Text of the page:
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Bacteria’s shapeshifting behaviour clue to new treatments for urinary tract infections

Shape-changing behavior of bacteria pointing to new treatments for urinary tract infections

UPEC filaments expressing green fluorescent protein (GFP) after desquamation of bladder cells, captured by epi-fluorescence microscopy. Credit: Australian Institute of Microbiology and Infection, University of Technology Sydney

Urinary tract infections are both very common and potentially very dangerous. More than half of all Australian women will develop a urinary tract infection in their lifetime, and nearly one in three women will have an infection that requires antibiotic treatment before the age of 24.

About 80 percent of urinary tract infections are caused by uropathogenic E. coli (UPEC), which is increasingly resistant to antibiotics. E. coli-related death due to antimicrobial resistance is the leading cause of bacterial deaths worldwide.

In an effort to discover new treatment options, researchers at the University of Technology Sydney (UTS) are using state-of-the-art microscopy to determine how these bacteria spread and multiply.

dr. Bill Söderström and associate professor Iain Duggin, of the Australian Institute for Microbiology and Infection at UTS, said their latest study examined UPEC’s shape-shifting behavior. During a UTI infection cycle, the bacteria form spaghetti-like filaments hundreds of times larger than their normal length before returning to their original shape.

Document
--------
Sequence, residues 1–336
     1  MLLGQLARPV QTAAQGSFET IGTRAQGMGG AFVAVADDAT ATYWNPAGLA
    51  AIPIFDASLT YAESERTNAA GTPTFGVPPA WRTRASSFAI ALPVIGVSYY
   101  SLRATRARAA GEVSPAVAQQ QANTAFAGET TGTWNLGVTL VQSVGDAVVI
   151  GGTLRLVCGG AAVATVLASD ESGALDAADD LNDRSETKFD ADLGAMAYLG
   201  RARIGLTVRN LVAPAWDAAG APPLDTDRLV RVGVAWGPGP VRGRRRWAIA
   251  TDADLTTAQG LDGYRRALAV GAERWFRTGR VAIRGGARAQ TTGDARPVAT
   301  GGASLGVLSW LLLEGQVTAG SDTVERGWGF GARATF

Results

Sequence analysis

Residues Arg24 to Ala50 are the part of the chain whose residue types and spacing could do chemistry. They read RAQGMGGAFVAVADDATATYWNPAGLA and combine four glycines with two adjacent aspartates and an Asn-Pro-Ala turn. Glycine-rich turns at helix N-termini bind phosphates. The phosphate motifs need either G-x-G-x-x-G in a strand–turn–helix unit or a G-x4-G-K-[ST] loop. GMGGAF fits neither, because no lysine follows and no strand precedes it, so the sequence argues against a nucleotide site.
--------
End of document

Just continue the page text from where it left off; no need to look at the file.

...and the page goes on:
The study, published in nature communicationused an infection model of human bladder cells to generate the filaments and watch their reversal back to rod shape.

“While we don’t fully understand why they’re doing this extreme lifestyle makeover, we know they need to return to their original size before they can re-infect new bladder cells,” said Dr. Soderstrom.

“We used advanced microscopy to monitor two important cell division proteins and their localization dynamics during reversal. We found that the normal rules for regulating cell division in bacteria do not fully apply in filaments,” said Dr. Soderstrom.

“By providing the first clues about how filamentation reversal is regulated during infection, we can lay the groundwork for identifying new ways to combat UTIs.”

Associate professor Duggin said the long filaments formed by the bacteria seemed to break open the infected human cells, through a previously unknown mechanism called infection-related filamentation (IRF).

“The devastating eruption of these bacteria from the cells of the bladder that they invade is likely to contribute to the extensive damage and pain experienced during a UTI,” Associate Professor Duggin said.

“Our goal is to establish why and how the bacteria perform this remarkable feat in hopes of enabling alternative treatments or preventions.”

Recurring UTIs Linked to Hidden Reservoir

More information:
Bill Söderström et al, Assembly dynamics of FtsZ and DamX during infection-related filamentation and division in uropathogenic E. coli, nature communication (2022). DOI: 10.1038/s41467-022-31378-1

Provided by University of Technology, Sydney

Quote: Shape-shifting behavior of bacteria clue to new treatments for urinary tract infections (2022, June 28) retrieved June 28, 2022 from https://phys.org/news/2022-06-bacteria-shapeshifting-behaviour-clue-treatments.html

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